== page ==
Hidden away about 20 seconds before 'romanesque', there was mention of Mitterand's brother. The first few words that followed that attribution were delivered in a 'Allo 'Allo accent that signalled 'These are the words of a Frenchman'. The cod accent had lapsed several seconds before the word romanesque. I checked in the full text:


So the man who had used the word romanesque had been André Rousslet, and it was a mistranslation (or possibly a pun). My old Larousse Pour Tous, bought from Heffer's secondhand bookshop (which I bet* is no longer there in Trinity Street [on the other side from the main shop, and nearer Caius], glosses romanesque as qui tient du roman. Perhaps the French romanesque has nothing to do with our 'Romanesque' (my dictionary doesn't mention architecture, but it's what used to be called 'a vest-pocket book' –  another source of mistranslation: 'But vests don't have pockets...?', I remember thinking when I first met this reference to an American English 'vest' –  so is far from authoritative). Or maybe Rousselet had met the architectural meaning (maybe in French, maybe in English) and was making a joke about Mitterand's height (only about 3" taller than Sarkozy: that link takes you to a Google table of world leaders' heights).

It's not clear from the full text whether it was Mitterand frère or Short who was quoting Rousselet. But the radio abridgement suppressed the very existence of a third person or of a quote from a Frenchman.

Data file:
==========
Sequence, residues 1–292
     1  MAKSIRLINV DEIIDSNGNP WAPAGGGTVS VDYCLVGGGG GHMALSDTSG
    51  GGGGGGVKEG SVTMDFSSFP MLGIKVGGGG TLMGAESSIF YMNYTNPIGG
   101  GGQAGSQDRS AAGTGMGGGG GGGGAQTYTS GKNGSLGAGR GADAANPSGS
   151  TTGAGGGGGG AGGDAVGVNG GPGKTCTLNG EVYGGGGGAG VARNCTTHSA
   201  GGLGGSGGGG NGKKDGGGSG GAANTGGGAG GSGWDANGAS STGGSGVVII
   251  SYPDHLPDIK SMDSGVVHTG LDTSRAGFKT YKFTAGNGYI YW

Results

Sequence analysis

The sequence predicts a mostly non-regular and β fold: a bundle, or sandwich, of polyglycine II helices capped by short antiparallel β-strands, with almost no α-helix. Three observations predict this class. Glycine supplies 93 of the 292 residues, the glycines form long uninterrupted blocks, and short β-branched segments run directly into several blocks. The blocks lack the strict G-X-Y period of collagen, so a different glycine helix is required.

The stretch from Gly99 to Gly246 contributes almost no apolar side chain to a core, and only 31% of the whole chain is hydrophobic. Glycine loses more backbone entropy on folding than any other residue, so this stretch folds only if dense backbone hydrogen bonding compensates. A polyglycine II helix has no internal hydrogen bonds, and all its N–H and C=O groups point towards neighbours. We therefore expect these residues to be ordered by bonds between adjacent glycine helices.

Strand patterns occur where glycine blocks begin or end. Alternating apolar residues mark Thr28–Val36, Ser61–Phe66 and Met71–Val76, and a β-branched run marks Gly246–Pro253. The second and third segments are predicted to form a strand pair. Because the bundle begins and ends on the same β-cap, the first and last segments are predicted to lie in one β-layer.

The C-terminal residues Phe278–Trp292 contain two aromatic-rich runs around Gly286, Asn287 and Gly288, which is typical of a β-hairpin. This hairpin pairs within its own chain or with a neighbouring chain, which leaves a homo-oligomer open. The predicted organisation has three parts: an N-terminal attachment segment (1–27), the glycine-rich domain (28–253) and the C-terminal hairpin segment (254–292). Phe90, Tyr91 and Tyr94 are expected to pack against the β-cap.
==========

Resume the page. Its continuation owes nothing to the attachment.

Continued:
But I must get back in the saddle  – turning #WVGTbook into a hardcopy book. This will reduce its networked features, but makes it more useable in an unwired classroom (as many EFL classrooms are).

b

Update 2016.01.31.12:00 – Fixed a few typos and deleted footer (as I will do in other posts when I get 'a round tuit'. The latest info.  is on my other blog.)

Update 2016.04.07.14:40 – Added footnote

* It's certainly not there now. And it only  became Heffer's  secondhand bookshop in the mid-'70s. When I bought my dictionary there, it was Bowes & Bowes's  secondhand bookshop; it was subsequently  engulfed by Heffer's.

I once heard this round (sung to the tune of Frère Jacques by undergraduates of a certain vintage [preceding mine]), that referred to past booksellers in Cambridge:

Heffer's Bookshop, Heffer's Bookshop,
Bowes & Bowes, Bowes & Bowes,
Galloway & Porter, Galloway & Porter,
Deighton Bell,  Deighton Bell.

The last two of those had gone before I arrived, though I think one of them had a (slightly) extended life as Heffer's Art Books shop, or something like that. Being acquired by Heffer's seems to be an occupational hazard in Cambridge's world of bookshops.





Saturday, 23 November 2013

The pulveropause

Last month, in my first anniversary posting I wrote this (about visits to this blog):
Birthday posts often include reams of statistics, but I'm afraid the schedule doesn't allow me to collect them. So here's just one: in the first 3 months of the blog (roughly BPS [Before Publication of the Schedule]) the site had under 1,900 visits – about 600 a month. In the 9 months since, the site had 6,700 – about 750 a month. This isn't a huge improvement (I reckon something like 25%), but given that it's been achieved in spite of (or because of?) less regular posts, and more work on #WVGTbook it's quite satisfying